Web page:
How To Become A Pharmaceutical Scientist
A pharmaceutical scientist researches, develops and make new drugs and therapies that contribute to the welfare of society. In this science-based career, you could focus on a particular area of drug development.
If your interest lies in biotechnology then you could work on researching, developing and marketing biotechnology-based pharmaceutical therapies. You may also look at how drugs affect the body and what the body’s effect is on the drugs administered to it. You can also concentrate on the application of science and technology in the process of drug manufacturing. You may also work on ensuring the safety and quality of drugs being made.
As a pharmaceutical scientist, you will play a crucial role in coming up with pharmaceutical therapies that are meant to enhance the well-being of everyone. Unlike a pharmacist, however, you won’t be explaining how to take a particular medicine to patients. You won’t even be educating physicians on which drugs are best for various medical conditions.
Instead, you will be doing most of your work in the laboratory where you will be doing research on new drugs. That means you will be at the forefront of new therapeutic discoveries for conditions for which the existing cures have not yet been found, or if there are already available medications, you will try to improve the existing ones so that they become more potent yet produce little or even no side effects.
To succeed as a pharmaceutical scientist requires a deep love for science and drug development. You need to be highly observant since you will be dealing with research data and samples. If you are not used to noticing the subtle changes in the results of your experiment, you could arrive at the wrong conclusions. Critical thinking and analysis are also very important in this profession.
Since you will be working with fellow scientists and explaining the results of your research to non-technical personnel like the business team of the drug development firm you are working for, excellent oral and written communication skills are a must.
Why Become A Pharmaceutical Scientist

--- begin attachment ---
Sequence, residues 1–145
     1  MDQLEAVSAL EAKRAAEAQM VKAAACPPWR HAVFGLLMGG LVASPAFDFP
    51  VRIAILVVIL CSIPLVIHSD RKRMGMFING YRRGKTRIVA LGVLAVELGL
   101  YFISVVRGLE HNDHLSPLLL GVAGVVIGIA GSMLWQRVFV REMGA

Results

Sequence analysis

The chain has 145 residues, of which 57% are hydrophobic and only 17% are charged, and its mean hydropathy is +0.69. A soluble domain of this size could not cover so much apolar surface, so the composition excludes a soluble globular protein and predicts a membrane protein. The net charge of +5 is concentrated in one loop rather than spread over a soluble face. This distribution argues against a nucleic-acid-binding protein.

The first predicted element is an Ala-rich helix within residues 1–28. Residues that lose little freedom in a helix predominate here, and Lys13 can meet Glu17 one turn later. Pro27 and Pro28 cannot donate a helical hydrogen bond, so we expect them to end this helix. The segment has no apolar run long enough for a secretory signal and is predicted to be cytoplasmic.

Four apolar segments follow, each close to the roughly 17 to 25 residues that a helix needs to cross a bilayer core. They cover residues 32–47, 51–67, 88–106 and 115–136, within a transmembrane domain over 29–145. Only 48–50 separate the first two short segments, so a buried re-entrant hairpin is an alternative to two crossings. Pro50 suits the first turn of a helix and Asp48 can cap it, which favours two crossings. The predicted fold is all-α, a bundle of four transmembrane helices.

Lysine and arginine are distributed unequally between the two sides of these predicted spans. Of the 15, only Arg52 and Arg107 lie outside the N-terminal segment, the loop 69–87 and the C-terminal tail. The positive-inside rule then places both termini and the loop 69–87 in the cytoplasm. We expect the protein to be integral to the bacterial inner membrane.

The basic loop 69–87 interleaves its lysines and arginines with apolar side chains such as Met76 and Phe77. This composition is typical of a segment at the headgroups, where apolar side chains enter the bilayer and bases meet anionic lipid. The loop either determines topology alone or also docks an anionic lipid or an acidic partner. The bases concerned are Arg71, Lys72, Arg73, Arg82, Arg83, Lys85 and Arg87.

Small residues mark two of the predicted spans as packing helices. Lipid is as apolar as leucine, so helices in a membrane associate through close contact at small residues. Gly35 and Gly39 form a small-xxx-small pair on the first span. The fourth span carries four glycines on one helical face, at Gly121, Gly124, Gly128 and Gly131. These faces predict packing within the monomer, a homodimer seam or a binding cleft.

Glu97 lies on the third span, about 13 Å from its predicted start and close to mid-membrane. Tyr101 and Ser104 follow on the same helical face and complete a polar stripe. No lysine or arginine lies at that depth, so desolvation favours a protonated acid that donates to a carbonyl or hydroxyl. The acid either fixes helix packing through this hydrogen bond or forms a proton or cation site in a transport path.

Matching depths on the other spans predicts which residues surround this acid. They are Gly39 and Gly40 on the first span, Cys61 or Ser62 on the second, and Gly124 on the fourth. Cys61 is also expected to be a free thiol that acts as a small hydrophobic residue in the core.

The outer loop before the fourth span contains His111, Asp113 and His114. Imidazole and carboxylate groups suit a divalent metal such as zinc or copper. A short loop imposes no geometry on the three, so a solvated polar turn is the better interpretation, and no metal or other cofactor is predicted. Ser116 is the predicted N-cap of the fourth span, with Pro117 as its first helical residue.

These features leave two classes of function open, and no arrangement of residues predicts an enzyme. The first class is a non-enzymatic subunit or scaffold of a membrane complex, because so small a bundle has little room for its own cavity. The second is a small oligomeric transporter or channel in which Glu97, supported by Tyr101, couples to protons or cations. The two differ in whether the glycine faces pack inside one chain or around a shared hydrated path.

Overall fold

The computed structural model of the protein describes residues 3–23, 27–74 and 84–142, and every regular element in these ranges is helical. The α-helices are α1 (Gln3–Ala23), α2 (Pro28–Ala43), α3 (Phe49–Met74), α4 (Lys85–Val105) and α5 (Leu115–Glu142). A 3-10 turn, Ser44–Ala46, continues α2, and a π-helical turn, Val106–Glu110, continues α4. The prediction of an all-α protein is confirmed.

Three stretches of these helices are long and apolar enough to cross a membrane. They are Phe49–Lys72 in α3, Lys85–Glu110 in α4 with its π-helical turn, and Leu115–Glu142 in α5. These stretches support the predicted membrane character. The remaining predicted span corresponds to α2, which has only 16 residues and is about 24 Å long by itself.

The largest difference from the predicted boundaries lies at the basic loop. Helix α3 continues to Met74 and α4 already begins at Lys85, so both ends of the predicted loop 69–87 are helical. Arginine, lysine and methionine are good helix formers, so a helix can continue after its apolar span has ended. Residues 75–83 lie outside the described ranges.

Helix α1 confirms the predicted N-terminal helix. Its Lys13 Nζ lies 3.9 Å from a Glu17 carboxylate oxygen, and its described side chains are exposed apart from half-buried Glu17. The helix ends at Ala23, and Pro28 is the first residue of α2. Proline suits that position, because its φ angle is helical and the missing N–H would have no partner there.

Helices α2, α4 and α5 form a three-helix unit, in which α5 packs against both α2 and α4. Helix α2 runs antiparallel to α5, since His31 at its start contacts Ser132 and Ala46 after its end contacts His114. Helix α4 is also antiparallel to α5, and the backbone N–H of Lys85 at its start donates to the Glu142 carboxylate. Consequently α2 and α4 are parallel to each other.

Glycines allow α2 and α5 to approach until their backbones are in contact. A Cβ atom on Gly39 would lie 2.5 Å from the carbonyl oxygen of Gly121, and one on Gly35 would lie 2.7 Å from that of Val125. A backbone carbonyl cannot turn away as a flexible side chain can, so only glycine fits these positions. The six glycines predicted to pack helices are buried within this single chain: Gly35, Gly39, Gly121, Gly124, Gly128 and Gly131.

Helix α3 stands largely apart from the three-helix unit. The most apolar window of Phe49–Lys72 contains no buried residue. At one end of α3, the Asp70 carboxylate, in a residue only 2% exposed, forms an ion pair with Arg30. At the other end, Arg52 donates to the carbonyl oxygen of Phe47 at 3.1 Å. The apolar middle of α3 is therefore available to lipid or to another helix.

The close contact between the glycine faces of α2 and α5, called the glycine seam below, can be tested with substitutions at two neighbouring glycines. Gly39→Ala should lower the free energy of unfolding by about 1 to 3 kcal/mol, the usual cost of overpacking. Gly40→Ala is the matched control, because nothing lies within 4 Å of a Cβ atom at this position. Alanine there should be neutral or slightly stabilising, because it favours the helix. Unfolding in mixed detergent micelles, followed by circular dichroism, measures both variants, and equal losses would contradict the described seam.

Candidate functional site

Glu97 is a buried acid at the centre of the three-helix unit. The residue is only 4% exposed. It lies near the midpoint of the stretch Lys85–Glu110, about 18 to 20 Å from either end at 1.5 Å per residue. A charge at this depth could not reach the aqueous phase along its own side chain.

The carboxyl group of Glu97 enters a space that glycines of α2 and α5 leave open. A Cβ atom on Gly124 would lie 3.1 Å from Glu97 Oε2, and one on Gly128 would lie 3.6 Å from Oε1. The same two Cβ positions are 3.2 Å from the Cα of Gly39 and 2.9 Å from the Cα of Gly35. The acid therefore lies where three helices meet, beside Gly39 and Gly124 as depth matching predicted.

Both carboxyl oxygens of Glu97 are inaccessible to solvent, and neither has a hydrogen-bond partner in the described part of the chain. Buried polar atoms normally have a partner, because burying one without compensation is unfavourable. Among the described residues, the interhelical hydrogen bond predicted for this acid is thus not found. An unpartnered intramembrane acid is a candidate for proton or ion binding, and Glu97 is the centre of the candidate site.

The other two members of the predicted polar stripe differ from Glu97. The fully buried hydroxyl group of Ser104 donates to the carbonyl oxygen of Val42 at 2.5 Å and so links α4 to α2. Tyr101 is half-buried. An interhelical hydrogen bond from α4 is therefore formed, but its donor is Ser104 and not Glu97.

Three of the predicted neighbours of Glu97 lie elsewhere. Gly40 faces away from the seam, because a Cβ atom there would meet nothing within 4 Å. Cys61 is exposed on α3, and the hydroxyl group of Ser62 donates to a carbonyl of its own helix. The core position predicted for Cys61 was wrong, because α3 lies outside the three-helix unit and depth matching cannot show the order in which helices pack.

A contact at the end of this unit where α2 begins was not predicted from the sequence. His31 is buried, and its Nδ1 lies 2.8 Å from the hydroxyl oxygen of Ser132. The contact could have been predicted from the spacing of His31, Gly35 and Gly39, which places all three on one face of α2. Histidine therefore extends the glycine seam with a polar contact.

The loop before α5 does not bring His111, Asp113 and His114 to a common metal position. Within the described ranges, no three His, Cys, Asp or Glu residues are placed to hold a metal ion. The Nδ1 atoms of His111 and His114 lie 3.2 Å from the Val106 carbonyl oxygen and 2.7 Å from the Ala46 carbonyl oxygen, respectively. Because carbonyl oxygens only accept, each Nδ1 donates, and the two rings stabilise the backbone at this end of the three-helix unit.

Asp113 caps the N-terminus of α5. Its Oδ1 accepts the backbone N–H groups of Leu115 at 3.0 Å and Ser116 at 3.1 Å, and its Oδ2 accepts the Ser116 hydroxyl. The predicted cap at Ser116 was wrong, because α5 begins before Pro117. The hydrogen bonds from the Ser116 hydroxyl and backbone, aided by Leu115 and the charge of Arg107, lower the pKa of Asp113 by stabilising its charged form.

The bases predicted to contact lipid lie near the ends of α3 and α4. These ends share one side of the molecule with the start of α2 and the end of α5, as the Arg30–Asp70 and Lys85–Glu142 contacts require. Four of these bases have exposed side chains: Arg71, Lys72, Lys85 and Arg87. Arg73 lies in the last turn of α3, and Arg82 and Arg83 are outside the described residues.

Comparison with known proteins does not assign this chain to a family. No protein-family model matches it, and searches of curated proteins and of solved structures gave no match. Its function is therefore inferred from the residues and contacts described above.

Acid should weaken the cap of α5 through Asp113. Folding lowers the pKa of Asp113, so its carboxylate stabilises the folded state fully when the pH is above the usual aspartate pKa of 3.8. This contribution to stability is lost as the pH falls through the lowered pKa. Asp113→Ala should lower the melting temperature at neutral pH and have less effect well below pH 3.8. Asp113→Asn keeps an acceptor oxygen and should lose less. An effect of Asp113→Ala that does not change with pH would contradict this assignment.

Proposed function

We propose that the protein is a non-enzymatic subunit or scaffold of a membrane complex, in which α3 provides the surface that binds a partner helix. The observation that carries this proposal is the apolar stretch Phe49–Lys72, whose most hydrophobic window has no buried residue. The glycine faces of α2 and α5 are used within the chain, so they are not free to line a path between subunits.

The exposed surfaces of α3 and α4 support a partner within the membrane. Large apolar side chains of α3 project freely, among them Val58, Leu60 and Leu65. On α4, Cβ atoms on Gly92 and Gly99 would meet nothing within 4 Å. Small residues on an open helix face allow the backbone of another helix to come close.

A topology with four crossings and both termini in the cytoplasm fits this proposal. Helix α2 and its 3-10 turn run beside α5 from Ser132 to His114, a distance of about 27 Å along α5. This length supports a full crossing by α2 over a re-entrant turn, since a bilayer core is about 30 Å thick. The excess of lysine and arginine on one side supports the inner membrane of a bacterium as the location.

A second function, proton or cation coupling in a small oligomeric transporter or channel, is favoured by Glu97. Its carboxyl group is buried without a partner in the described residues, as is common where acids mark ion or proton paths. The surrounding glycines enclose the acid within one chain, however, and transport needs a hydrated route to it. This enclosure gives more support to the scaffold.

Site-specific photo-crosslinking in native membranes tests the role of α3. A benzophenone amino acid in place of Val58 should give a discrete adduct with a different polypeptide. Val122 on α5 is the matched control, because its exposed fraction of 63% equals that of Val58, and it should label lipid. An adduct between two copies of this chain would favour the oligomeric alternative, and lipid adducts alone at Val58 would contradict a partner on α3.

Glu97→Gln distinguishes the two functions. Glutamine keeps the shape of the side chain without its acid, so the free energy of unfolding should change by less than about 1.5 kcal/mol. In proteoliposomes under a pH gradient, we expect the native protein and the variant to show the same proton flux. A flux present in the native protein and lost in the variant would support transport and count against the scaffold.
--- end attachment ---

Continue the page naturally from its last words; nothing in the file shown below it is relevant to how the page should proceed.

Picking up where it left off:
For individuals who are inclined to doing research studies and are interested in a science-based career, becoming a pharmaceutical scientist is a great career match. The other reason is in the nobility that this profession brings. Not everyone has the opportunity to develop drugs that can help humanity by coming up with drugs that can cure diseases. A career as a pharmaceutical scientist puts one at the frontline of drug development. On the practical side, this is a career that is also financially rewarding.
Pharmaceutical Scientist Work Environment
Pharmaceutical scientists work in pharmaceutical firms, biotechnology companies and government agencies. The most common federal agencies where these professionals can be found are the Food and Drug Administration and the U.S. Pharmacopeia. National laboratories like the National Institutes of Health also hire pharmaceutical scientists. They also teach at universities and colleges. The work schedule is often full-time, with most spent in the laboratory or in their offices.
Since they may deal with potentially dangerous chemicals and substances, extra precautions are needed to protect themselves and ensure a safe working environment. The stress level can be high especially if the management already expects results and laboratory tests have not yielded favorable ones so far.
Pharmaceutical Scientist Salary
The Occupational Employment and Wages report of the U.S. Bureau of Labor Statistics does not have salary data specifically for pharmaceutical scientists. Data gathered from the salary survey of the American Association of Pharmaceutical Scientists revealed that the mean annual base salary from full-time pharmaceutical scientists working in the United States was $143,800.
When supplemental income from their principal employer and other professional work are factored into the equation, their average total compensation reaches $176,100 a year.
Pharmaceutical Scientist Career Outlook
The U.S. Bureau of Labor Statistics revealed that the job outlook for medical scientists, including pharmaceutical scientists, to be very good in the next few years. In the decade covering 2012 to 2022, the employment rate of medical scientists is set to increase 13 percent, a rate that is as fast as the national average for all job types.
The job growth will be fueled by increased reliance on pharmaceuticals, an aging population and research done on various diseases like AIDS, cancer and dementias.
Pharmaceutical Scientist Degree
To become a pharmaceutical scientist, the minimum educational requirement is a bachelor’s degree in pharmaceutical sciences, biology, pharmacy, chemistry, engineering or medicine. An undergraduate degree is sufficient for entry-level positions. Postgraduate education is necessary for those who want to teach in the academe, do independent research and advance in their careers.